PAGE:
Chemicals and Environment

If you find yourself behind the wheel of a car at a DUI checkpoint tonight, having consumed 14 Jello shots, you are doomed and rightly so. But scientifically it's a matter of how doomed, though at that time you will be unlikely to fully appreciate an important, widely-used chemical reaction that was invented by Sir Ewart Jones in 1946—The Jones Oxidation.

It is based on a very simple reaction, which can be monitored by a color change (1). Color yourself stupid. And then learn some science before you get hammered this evening (but don't drive.)

Chromium gets its name from chrôma,  the Greek word for color. And those Greeks...

"Lying" is considered one of those words civilized people should never say. That's why politicians never use it. Instead, their opponents are "misinformed" or "misspeaking" or "using alternative facts." 

Well, the time for civility is over. Journalist -- if we can actually call him that -- Danny Hakim is lying to you. And it's not his first rodeo, either. He's built quite a track record for himself at the New York Times, publishing distorted information about GMOs and comparing agricultural pesticides to "Nazi-made sarin gas." 

Now, Mr. Hakim has written an...

It's that time of year again. Flowers are beginning to bloom, trees are turning green, the birds are chirping a little louder ... and the Environmental Working Group is scaring you about perfectly safe and healthy food. 

Once again, the EWG has released its annual "Dirty Dozen," a list of fresh produce found in grocery stores all over America that EWG thinks is killing you1. And like obliging lap dogs, the media -- as always, without fail, every single year -- reported the results of the "study" without even the slightest shred of criticism or critical thinking.

So, what is killing us this year? Strawberries are #1. Spinach is #2. Spinach! The upside is that if you're the sort of person who doesn't like spinach, now you can point to some pseudoscience that...

At the Council, we specialize in taking complex scientific and medical issues and crafting them into a form that can be understood by non-scientists, while at the same time not omitting crucial information. And talk about timing! We don't get a challenge like this every day. This one is special. Do people pee in the pool? How about bears? We shall see.

The world can be broken down into two broad categories:

1) Those who deny that they pee in the pool.

2) Those who won't go in the pool because they know that the people in group #1 are a bunch of liars.

Given these two facts, it is difficult to understand why anyone would want to study whether urine is found in pools, let alone how much. But, a...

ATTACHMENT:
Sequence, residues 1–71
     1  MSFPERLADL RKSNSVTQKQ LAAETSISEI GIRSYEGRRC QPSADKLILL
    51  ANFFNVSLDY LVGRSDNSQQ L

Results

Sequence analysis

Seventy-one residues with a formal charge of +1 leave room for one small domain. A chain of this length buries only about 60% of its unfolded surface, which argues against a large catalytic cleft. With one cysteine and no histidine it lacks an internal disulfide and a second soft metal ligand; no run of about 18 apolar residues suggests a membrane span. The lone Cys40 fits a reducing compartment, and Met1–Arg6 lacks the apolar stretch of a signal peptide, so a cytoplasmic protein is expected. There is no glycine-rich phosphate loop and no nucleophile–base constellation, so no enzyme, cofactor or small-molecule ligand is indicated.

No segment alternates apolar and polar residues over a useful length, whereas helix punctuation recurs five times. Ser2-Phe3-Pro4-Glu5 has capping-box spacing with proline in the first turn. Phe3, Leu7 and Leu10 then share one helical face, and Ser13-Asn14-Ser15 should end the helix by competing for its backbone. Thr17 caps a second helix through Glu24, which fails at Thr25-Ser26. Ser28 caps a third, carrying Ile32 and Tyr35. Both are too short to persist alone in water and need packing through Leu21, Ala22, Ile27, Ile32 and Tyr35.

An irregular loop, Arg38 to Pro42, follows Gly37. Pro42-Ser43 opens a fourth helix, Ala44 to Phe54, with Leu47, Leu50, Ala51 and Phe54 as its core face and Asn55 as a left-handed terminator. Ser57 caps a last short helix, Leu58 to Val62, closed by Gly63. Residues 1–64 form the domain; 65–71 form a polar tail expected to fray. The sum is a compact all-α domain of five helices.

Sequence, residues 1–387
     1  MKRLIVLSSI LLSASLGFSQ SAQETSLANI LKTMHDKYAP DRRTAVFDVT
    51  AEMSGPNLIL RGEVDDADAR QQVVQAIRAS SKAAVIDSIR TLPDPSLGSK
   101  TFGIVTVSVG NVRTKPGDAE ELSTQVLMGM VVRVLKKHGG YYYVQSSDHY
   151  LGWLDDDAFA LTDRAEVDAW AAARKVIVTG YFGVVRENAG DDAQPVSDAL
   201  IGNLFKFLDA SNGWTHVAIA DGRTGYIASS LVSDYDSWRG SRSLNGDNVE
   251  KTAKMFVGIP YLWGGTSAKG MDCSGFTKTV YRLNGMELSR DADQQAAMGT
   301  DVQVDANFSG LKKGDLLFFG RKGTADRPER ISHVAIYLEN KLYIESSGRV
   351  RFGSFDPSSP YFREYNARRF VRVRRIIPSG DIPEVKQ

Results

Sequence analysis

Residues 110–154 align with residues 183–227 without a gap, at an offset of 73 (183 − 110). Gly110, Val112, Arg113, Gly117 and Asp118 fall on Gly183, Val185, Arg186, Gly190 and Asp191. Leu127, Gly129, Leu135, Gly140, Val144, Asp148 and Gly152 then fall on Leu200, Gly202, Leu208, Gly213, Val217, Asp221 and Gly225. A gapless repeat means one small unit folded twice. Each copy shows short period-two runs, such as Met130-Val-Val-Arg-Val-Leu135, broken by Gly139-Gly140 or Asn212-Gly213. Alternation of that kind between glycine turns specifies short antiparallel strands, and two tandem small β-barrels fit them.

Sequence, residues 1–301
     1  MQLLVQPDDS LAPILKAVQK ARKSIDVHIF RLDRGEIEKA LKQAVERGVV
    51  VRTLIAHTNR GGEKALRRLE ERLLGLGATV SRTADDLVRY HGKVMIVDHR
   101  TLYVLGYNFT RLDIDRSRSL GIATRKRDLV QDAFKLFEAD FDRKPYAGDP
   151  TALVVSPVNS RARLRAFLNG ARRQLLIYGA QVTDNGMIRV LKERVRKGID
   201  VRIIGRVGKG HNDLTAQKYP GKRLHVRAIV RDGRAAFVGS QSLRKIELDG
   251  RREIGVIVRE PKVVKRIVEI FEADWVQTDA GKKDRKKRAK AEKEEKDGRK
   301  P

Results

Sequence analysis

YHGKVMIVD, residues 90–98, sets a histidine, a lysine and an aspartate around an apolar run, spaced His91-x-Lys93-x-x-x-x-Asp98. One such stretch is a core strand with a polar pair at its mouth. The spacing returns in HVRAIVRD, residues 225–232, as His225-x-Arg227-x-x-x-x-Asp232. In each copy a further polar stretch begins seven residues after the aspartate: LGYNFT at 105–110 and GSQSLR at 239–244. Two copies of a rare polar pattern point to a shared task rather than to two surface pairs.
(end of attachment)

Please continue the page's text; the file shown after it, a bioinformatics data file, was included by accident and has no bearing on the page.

The line between deliberately manipulating a story or poorly reporting the facts is perilously thin, and often based on the subjectivity of the reader.

During Sunday’s Academy Awards presentation, the United States’ ‘paper of record’, the New York Times, launched an advertising blitz positioning itself as the highbrow ethical responder to the spate of so-called ‘fake news.’ “The truth is hard…to find…to know,” the add proclaimed, somberly.

It’s a powerful message, one that the public and the media should reflect upon—including the leadership at the Times itself....

No matter the evidence, some people always will refuse to accept it. Some of those people are university professors.

Joel Moskowitz is one of those professors. With a background in mathematics and social psychology, he now serves as Director of the Center for Family and Community Health at the University of California-Berkeley School of Public Health. And he is on a crusade to prove that California (yes, the state that passed Proposition 65, which labels almost anything a carcinogen) is secretly hiding data that shows cell phones are giving people cancer.

Like 9/11 and vaccine truthers, Dr....

It's a good thing that there's always someone around to scare us, or we couldn't possibly be perpetually scared. Fortunately, the Maryland State Children’s Environmental Health and Protection Advisory Council (CEHPAC) stepped up to the plate with the bases loaded (by using the word "children"). CEHPAC wants you to believe that WiFi in your kid's school is going to give them cancer, and has issued a press release recommending that schools limit or eliminate WiFi.

The group's press release was equal parts propaganda, bad science, and idiocy. A few examples:

  • The Maryland State Department of Education should recommend that local...

If there is anything that infuriates beach and ocean lovers, it is the sight of plastic trash washing up on the beach. And as we use more and more plastic instead of glass (See: Russia's Beautiful Garbage Beach) this form of pollution can only grow. A recent article in Business Insider paints a sobering picture about how much plastic is actually floating around our oceans:

Already, the ocean is filled with about 165 million tons of plastic.

That's 25 times heavier than the Great Pyramid of Giza.

Rebecca Harrington,...

Dear Homeland Security Guys,

Despite the title, I am not suggesting that anyone reading this should actually try it. I just liked the title. And, not only is this information readily available, it's unnecessary. If any of you out there want to poison someone, just take them to Chipotle (1). (See: "Chipotle Takes The Stairway To Heavin'" and "Chipotle's Year From Hell-A-Peno."

Instead, this is a little chemistry lesson, which will: 1) discourage roughly 100 percent of even the "human-heads-in-the-freezer" guys who may...

Last week I speculated on the cause of the poisoning death Kin-Jong-Nam, using this table of common poisons:

Sarin (red circle), which is functionally identical to the real culprit VX gas, (except much less potent) seemed like a reasonable candidate because:

  1. It penetrates skin
  2. It is deadly when inhaled
  3. It works really quickly
  4. It requires little...